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In this guest post, Electrolux’s Gregoire Letort reflects on a career in procurement: the opportunities it presents and the skills that make for a successful procurement leader.
A job for life is something that many people find quite scary, especially in a modern world that is characterised by freedom of movement and job flexibility. But can a career in purchasing really be a job for life?
I never envisioned a career in purchasing at the beginning of my professional life but that quickly changed when I came into contact with the function for the first time some 15 years ago. Buying professional services was my first role and, looking back at that opportunity now, after having held so many different positions since, I would definitely say that purchasing can be a job for life. Purchasing offers diversity in day-to-day activities where you can get involved with commodity negotiations, new transformation projects, cost-out engineering, direct spend, indirect spend, as well as posing opportunities to work abroad. It combines that with being a function that touches almost every area of the business, making it both an exciting area of work and one that is central to success.
It is also a place where people can evolve. You can rotate into and manage different commodities, build up general management skills and also get closer to engineering projects and product development.
However, I have also noticed over the years how purchasing is a place where people can learn skills that they can take into roles in other functions such as supply chain, engineering or more business-related ones such as product or project management.
Learning to be good with financial numbers, negotiating effectively, influencing people and working closely with engineering and manufacturing are all essential in purchasing and are easily transferable into skills that are sought after elsewhere in the business.
Purchasing is also a place where your network, both internally and externally, makes a big difference in your ability to succeed. I’m always excited when I see team members moving to other roles in other functions because I know that what they’ve learned in purchasing will stay with them for the rest of their careers and make them a great advocate of the function.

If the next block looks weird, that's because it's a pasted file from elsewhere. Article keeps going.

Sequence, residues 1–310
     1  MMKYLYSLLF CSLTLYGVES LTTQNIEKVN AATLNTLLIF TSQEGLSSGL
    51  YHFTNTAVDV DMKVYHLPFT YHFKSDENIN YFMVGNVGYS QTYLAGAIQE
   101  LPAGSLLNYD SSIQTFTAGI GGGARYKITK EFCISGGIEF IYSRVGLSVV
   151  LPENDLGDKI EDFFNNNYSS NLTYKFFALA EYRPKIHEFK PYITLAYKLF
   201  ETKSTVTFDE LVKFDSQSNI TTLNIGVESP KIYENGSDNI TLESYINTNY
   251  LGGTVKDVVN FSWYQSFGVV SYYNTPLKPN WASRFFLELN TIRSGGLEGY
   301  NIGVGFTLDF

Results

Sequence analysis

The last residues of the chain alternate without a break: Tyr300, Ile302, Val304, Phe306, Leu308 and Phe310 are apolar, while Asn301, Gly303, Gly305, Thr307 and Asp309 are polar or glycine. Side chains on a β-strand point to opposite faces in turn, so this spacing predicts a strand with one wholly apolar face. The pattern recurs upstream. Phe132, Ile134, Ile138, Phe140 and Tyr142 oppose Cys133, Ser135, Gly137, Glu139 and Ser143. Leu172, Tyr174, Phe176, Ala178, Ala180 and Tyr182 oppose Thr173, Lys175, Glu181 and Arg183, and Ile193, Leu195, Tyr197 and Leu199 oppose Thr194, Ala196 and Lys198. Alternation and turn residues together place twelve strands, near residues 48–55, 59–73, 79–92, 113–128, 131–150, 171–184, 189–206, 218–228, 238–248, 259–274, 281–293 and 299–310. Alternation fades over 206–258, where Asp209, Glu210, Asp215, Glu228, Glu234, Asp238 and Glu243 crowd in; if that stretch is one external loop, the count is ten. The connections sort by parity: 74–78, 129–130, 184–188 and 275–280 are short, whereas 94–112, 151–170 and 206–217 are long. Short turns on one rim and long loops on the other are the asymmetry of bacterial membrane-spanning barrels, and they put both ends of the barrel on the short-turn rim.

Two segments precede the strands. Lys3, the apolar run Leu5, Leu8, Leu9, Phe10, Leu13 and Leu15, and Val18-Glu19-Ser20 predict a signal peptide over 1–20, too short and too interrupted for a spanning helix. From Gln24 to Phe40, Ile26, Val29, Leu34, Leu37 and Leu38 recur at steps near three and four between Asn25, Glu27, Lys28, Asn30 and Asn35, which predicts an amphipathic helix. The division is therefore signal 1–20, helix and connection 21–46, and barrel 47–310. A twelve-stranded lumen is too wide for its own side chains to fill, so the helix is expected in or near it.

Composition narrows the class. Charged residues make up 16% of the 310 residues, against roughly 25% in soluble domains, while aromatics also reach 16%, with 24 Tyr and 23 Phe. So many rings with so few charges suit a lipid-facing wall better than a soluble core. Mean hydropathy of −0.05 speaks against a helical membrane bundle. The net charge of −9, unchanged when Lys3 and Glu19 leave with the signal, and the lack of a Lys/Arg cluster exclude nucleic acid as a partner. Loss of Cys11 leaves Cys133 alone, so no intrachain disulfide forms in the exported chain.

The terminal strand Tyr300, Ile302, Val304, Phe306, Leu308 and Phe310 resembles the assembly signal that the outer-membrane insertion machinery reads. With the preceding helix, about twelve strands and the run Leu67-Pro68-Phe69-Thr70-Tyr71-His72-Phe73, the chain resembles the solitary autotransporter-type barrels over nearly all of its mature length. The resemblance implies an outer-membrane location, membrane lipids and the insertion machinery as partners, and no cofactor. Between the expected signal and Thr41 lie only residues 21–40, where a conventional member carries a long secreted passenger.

Beyond being a great place for people to learn and develop, the success of the function is also making it more of a draw to people and means that it is much stickier in terms of keeping them in.
That does, however, put pressure on us as purchasing leaders to better explain the important role of the function, both in our companies and externally. We need to highlight the different career paths people can take within purchasing and how that will help them develop. It ultimately comes down to us to make the function an exciting place to be doing business and developing the skills necessary to make a great career.
But, I think we are getting there. I was at a school recently, speaking with students during one of their economics lessons and I was surprised to see how much they were interested in this ‘little-known’ function. This might have stemmed from the cost breakdown I gave them of an iPhone, but what seemed to fascinate them most was how global the function was. They were fascinated by the fact that purchasing strategies could be so different depending on the country or the product bought and how they were also influenced by factors as vast as protectionism measures in Brazil, currency volatility in Argentina, labour cost increases in South-East Asia and automation of production, among many other things.
I hope the seed has been planted in these youngsters to seriously consider purchasing as a fulfilling career, one that they can stay in for many years.
I never regretted taking that first opportunity when it was presented to me and I’m sure after a successful career, many of you feel the same. Now it’s time to share this experience with others and attract more people to have successful careers in purchasing.
Gregoire Letort is CPO, Electrolux. This is article is an extract from Issue 55 of Procurement Leaders Magazine - to find out more, click here.
This contributed article has been written by a guest writer at the invitation of Procurement Leaders. Procurement Leaders received no payment directly connected with the publishing of this content.